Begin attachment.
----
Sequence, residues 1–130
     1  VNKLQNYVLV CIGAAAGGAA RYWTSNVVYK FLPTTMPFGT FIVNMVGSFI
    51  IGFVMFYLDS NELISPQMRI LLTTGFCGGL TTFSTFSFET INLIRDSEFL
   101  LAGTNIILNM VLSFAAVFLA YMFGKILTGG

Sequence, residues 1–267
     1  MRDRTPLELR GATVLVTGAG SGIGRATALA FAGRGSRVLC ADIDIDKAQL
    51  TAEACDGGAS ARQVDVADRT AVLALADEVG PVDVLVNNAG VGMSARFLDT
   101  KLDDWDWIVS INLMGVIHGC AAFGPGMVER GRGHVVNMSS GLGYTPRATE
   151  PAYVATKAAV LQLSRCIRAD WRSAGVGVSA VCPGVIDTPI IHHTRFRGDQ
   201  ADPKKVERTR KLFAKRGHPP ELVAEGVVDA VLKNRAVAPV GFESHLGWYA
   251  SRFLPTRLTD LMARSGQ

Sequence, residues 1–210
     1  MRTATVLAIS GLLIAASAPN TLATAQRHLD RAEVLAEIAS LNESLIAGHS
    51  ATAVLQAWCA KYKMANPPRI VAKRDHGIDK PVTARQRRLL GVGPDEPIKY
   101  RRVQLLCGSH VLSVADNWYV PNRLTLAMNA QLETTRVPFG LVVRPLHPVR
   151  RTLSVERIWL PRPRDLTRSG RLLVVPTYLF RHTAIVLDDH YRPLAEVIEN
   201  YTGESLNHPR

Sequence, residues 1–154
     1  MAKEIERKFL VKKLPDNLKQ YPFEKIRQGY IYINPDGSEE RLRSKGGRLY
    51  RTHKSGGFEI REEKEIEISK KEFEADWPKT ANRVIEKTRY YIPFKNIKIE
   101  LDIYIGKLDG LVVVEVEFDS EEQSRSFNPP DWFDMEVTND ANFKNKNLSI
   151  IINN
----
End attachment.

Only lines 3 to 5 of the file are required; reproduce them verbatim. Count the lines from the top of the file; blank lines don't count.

    51  IGFVMFYLDS NELISPQMRI LLTTGFCGGL TTFSTFSFET INLIRDSEFL
   101  LAGTNIILNM VLSFAAVFLA YMFGKILTGG

Sequence, residues 1–267